On August 8 this year, the eve of International Day of the World’s Indigenous Peoples, Ruby Hembrom decided to institute Adivasi Pickle, a “prize for indigenous ideology, thought and knowledge”. In the announcement, she called on Adivasis to share unpublished stories of their lives, struggles and triumphs. From the submissions, a jury will select “the most relevant entry”. This will be published in August 2014, by Adivaani, a publishing house “by and for” Adivasis, started last year by Ruby.
A lawyer by training, Ruby was born and brought up in Kolkata. While attending a publishing course, which introduced her to the whole spectrum of the Indian publishing business, Ruby noticed that Adivasis were conspicuous by their absence. Along with Joy Tudu and Luis A. Gomes, who are now handling Adivaani’s marketing and design aspects respectively, she set out to redress this lack.
Since Adivaani’s inception last year, they have published two books illustrating Santhal creation stories ( We Come From The Geese and Earth Rests On A Tortoise ), Whose Country Is It Anyway? on displacement of Adivasis by Gladson Dungdung, and a calendar to commemorate the Santhal Rebellion of 1855-57, among others.
With this prize, they hope to reach out to other tribes. “India is vast and has so many tribes, known and unknown. We want to reach out to everyone, and to do that, this is the only way,” says Ruby. Adivaani’s insistence on submissions in English might be an impediment, however, for prospective writers, and they have already received a few worried calls.
“The reason we want to publish in English because we want other people to read us and know about us. Even though Adivasi writing has been published in indigenous languages, the reach is very limited. We think, out of all the languages that are not our own, we would rather go with English,” she replies. “Having said that, I understand the limitations of our people in communicating in English… All we are saying is ‘Come as you are, we will help you’.” Fluency in English is not the determinant for selection, the content and impact of writing are.
Ruby explains this further by referring to Gladson Dungdung’s book. “He has a blog and most of his writings go viral…He is fantastic in Hindi but he knows it is important for him to write in English,” she says. After receiving his manuscript, Ruby realised that to overhaul it completely would be doing disservice to the writing.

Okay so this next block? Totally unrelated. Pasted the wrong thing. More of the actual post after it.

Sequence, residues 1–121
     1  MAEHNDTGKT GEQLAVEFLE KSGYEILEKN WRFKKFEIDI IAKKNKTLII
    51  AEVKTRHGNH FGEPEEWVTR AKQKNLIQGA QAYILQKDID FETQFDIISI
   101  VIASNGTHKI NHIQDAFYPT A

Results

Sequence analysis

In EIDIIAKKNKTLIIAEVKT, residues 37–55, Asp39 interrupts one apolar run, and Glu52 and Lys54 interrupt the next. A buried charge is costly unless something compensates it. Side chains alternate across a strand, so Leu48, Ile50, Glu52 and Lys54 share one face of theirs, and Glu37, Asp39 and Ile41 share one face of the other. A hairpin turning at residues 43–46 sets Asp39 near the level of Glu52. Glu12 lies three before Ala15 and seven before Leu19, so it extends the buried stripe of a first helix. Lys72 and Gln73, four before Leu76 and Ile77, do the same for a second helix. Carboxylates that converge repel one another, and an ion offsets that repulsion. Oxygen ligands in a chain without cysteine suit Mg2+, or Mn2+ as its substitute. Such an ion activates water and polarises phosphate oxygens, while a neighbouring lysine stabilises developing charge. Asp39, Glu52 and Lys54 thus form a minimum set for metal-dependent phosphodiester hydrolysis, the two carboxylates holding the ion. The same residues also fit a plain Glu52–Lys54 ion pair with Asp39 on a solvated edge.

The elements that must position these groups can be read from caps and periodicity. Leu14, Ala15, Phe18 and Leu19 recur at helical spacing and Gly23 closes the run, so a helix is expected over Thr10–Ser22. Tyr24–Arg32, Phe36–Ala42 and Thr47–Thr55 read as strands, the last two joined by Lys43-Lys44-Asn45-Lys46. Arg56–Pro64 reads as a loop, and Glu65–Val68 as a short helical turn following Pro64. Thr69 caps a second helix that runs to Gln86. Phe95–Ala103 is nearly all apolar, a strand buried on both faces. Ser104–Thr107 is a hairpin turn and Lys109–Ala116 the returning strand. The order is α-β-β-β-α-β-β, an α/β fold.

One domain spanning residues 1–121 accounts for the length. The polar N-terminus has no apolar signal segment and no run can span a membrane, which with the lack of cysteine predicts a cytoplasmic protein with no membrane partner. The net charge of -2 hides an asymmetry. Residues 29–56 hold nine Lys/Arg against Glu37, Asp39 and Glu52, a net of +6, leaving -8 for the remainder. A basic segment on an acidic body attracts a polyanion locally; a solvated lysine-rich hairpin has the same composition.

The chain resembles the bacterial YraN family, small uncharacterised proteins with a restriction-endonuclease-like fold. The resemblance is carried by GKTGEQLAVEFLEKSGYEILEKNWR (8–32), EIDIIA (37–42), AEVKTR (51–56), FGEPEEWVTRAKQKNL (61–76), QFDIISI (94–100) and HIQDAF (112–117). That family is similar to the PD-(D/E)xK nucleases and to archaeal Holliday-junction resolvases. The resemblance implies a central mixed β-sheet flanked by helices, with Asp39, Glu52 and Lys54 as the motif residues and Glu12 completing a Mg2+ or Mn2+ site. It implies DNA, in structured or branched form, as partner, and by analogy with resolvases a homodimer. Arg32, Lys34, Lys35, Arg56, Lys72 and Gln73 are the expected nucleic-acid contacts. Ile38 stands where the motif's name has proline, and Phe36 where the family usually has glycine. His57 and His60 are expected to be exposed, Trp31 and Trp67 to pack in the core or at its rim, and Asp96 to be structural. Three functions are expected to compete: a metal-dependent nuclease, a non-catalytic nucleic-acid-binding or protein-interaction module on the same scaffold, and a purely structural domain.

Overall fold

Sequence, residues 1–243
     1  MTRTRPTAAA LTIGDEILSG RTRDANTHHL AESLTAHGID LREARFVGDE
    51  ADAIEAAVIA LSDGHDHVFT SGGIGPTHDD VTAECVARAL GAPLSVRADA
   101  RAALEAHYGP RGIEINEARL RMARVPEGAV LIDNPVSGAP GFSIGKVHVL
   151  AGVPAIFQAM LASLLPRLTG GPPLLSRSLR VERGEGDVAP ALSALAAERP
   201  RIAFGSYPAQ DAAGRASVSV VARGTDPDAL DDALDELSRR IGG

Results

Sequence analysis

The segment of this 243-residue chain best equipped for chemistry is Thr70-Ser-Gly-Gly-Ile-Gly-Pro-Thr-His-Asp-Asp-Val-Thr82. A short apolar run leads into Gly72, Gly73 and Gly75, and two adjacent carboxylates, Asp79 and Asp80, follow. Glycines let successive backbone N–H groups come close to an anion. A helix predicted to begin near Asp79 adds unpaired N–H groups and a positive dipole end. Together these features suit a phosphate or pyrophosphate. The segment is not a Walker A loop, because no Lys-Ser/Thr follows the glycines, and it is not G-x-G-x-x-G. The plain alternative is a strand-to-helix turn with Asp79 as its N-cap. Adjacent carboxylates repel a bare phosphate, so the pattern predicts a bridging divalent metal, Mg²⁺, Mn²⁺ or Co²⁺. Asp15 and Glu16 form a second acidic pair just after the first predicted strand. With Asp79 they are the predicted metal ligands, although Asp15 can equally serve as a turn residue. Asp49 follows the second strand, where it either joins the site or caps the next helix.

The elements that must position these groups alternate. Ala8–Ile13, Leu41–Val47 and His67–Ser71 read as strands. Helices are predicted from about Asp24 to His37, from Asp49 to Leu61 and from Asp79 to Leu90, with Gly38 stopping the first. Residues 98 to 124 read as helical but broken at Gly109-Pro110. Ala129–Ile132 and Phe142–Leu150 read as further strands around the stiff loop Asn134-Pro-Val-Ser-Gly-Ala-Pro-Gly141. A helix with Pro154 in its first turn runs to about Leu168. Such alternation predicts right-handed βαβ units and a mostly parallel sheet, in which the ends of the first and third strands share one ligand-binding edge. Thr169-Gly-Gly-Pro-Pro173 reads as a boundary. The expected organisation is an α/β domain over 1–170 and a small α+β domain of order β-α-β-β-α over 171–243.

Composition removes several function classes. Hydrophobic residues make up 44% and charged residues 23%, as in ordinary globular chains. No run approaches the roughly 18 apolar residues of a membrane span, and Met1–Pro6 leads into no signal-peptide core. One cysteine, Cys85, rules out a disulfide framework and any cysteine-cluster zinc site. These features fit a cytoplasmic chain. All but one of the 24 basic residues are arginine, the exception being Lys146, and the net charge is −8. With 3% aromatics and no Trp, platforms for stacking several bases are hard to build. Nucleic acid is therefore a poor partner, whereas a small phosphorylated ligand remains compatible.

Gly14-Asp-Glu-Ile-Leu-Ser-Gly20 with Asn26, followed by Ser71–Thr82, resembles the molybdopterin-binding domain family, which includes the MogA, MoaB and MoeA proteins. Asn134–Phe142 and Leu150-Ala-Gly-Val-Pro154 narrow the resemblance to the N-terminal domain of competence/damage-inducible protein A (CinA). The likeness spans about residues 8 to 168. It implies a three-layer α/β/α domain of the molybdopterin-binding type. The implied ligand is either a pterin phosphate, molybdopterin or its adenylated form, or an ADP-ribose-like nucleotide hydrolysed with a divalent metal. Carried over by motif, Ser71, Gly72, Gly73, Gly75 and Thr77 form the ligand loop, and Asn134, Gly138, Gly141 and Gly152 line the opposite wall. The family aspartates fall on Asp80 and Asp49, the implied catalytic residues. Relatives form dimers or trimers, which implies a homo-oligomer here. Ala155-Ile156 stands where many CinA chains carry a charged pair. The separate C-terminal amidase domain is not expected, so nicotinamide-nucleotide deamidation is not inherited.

Predictably, after the book’s launch, an online bookseller refused to stock the book on the grounds that it was “not good”. It is a view Ruby is likely to encounter more often in the coming years, but Ruby is defiant. “Why should we fall into the trap of what is literature and what is not?”
Like most other niche publishers, distribution is Adivaani’s biggest obstacle, but Ruby is happy to report that she has been able to sell most of her books and, more importantly, that they have been received well by the Adivasi community.
Meanwhile, Ruby and company are enjoying the freedom that working in an area with little or no precedent brings with it. Recalling the publication of the illustrated Santhal creation stories, Ruby talks about how the characterisation of the supernatural being had been hitherto influenced by Bollywood conventions. “A supernatural being would always be in a flowing white gown…We decided to just have eyes. Every time he would talk, the eyes would look in a particular direction,” she says.
Adivaani is bringing out The Santal and the Biblical Creation Traditions: Anthropological & Theological Reflections by Timotheas Hembrom and a book on the Red Corridor later this year.